Jesus practiced what He preached. Remember how He rebuked Peter for his wrong words by calling him Satan (Mark 8:33). He rebuked all of His disciples for their lack of faith (Mark 16:14). The Apostle Paul instructed Titus to rebuke the Cretians sharply, ...that they may be sound in the faith (Titus 1:13). Preachers are to rebuke their people as needed: Preach the word; be instant in season, out of season; reprove, rebuke... (2 Tim. 4:2).
The moment your brother comes and asks you for forgiveness for the wrong he has done unto you, you must become an evangelist, a watchman on the wall for him as the Scriptures say: When I say unto the wicked, Thou shalt surely die; and thou givest him not warning, nor speakest to warn the wicked from his wicked way, to save his life; the same wicked man shall die in his iniquity; but his blood will I require at thine hand (Eze. 3:18); and: Brethren, if any of you do err from the truth, and one convert him; Let him know, that he which converteth the sinner from the error of his way shall save a soul from death... (James 5:19-20).
The natural man shrinks back from meddling with another man’s sins. He pulls back from offending people and making enemies. But the spiritual man is endued with boldness from the Holy Spirit and love for the souls of the lost. He is willing to lose his reputation and yes, even his life to pull someone out of the eternal flames of everlasting darkness. It is not love if you let your brother drown in his sins to face everlasting separation from his Savior when you could throw him a life vest. Stop worrying about offending people. Whenever heaven and hell meet, there is great upheaval. In this process, many will be offended. Jesus said: Woe unto you, when all men shall speak well of you! for so did their fathers to the false prophets (Luke 6:26); and: Think not that I am come to send peace on earth: I came not to send peace, but a sword (Matt. 10:34).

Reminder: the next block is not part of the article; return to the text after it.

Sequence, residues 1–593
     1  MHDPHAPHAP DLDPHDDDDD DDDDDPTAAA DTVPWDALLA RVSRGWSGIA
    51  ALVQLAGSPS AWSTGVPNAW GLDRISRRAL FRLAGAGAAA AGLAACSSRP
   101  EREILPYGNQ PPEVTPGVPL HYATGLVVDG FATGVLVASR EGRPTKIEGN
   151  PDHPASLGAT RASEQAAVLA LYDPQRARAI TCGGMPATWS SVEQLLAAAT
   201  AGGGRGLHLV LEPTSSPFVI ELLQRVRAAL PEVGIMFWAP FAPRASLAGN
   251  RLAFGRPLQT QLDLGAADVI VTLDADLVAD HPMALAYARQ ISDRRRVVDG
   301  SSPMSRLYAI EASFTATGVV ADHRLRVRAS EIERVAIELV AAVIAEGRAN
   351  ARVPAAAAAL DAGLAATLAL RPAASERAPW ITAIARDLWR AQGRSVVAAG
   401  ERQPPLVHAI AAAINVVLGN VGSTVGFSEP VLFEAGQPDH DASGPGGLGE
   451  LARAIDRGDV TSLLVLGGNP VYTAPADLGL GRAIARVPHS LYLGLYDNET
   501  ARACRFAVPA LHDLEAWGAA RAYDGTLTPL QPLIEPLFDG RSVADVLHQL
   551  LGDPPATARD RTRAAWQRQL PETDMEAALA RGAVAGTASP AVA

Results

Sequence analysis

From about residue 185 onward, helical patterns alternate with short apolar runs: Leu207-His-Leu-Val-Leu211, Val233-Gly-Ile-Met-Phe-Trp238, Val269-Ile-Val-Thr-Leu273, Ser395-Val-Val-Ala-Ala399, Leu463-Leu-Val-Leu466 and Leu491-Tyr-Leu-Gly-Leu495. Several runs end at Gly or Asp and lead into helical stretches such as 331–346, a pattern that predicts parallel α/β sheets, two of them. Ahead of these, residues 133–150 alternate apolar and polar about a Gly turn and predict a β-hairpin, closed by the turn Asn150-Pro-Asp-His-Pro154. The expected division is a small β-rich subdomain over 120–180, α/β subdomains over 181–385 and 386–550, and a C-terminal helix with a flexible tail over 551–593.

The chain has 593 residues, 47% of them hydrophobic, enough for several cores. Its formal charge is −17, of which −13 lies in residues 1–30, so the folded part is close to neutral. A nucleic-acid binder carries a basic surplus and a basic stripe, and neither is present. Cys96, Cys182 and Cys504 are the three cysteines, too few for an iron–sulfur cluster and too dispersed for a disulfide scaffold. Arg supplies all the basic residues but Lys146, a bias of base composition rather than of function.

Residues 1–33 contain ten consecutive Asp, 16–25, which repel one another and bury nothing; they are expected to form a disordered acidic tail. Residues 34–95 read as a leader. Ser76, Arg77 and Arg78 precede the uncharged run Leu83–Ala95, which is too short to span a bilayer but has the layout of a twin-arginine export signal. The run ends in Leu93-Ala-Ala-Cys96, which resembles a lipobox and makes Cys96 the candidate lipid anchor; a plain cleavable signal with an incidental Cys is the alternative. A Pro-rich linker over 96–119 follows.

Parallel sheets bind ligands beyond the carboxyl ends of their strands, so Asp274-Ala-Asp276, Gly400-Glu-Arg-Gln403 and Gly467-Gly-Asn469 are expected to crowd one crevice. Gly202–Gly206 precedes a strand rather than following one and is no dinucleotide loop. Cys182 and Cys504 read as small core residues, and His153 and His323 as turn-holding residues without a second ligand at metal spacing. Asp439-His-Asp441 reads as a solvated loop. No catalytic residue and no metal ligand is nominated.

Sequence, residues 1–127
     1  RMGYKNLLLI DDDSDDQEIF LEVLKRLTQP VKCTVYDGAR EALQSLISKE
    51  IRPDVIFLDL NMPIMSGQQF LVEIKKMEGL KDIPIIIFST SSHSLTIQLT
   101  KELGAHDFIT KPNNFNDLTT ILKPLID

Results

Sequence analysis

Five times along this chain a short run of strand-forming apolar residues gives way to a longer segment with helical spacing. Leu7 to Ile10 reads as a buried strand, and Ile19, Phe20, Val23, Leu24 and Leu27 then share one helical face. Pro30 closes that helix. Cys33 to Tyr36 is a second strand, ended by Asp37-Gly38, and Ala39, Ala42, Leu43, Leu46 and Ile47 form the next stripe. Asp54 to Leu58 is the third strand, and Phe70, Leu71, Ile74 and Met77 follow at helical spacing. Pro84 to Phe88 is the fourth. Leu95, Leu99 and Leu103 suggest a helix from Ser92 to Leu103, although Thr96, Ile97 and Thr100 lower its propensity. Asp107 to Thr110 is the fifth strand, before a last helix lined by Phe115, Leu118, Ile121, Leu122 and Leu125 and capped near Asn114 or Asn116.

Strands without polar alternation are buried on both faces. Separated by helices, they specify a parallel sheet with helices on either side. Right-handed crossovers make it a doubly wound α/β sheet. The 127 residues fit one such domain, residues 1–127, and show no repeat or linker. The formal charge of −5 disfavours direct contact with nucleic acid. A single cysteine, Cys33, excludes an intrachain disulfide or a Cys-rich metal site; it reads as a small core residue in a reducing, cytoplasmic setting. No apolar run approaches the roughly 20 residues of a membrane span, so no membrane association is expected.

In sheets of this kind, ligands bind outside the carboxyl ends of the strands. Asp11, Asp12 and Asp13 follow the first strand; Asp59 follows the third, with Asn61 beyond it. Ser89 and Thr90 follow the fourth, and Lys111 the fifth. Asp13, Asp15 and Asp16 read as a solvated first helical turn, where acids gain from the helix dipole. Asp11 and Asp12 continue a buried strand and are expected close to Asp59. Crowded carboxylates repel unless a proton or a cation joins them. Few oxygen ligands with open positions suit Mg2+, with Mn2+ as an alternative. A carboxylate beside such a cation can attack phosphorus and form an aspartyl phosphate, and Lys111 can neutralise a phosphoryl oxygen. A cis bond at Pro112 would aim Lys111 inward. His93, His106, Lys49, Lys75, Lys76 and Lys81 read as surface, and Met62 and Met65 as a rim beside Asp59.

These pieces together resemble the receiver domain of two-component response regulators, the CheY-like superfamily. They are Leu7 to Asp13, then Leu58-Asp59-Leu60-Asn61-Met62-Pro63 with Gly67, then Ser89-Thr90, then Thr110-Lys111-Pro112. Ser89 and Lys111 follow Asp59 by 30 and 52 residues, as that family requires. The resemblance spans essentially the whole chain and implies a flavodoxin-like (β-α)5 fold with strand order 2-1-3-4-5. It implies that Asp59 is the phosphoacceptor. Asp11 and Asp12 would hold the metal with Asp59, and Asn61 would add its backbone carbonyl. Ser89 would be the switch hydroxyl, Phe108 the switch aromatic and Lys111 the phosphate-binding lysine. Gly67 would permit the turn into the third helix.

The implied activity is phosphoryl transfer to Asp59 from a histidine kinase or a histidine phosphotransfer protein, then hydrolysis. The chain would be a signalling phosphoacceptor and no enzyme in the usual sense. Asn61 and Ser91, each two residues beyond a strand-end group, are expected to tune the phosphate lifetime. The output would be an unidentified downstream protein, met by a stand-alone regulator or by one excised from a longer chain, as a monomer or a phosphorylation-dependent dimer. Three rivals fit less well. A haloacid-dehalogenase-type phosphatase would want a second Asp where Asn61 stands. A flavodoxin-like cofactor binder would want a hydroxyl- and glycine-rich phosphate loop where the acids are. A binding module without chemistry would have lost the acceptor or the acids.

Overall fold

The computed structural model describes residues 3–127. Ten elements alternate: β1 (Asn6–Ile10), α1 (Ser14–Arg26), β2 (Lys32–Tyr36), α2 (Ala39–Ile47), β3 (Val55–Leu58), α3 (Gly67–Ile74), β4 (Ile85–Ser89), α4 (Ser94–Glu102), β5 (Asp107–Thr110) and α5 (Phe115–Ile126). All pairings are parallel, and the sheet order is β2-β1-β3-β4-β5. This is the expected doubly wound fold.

Yes, Jesus is sweet to the saints, but He also came to be the salt of the earth. He offended many. His family thought He had gone mad (Mark 3:21). His hometown people dragged Him out of town to kill Him (Luke 4:17-29). The Gadarenes begged Him to leave their country because He destroyed their swine business (Luke 8:37). The Pharisees wanted to stone Him and cast Him out of the temple (John 8:59). Finally, they killed Him. He gave His life to save others. Dietrich Bonheoffer said: “When Christ calls a man, He bids him come and die.” Though you will offend many, yet it will be said of you by some: ...How beautiful are the feet of them that preach the gospel of peace, and bring glad tidings of good things! (Rom. 10:15). You should proclaim the message of hope: Ho, every one that thirsteth, come ye to the waters, and he that hath no money; come ye, buy, and eat; yea, come, buy wine and milk without money and without price (Is. 55:1). Be ever diligent proclaiming this message of good will.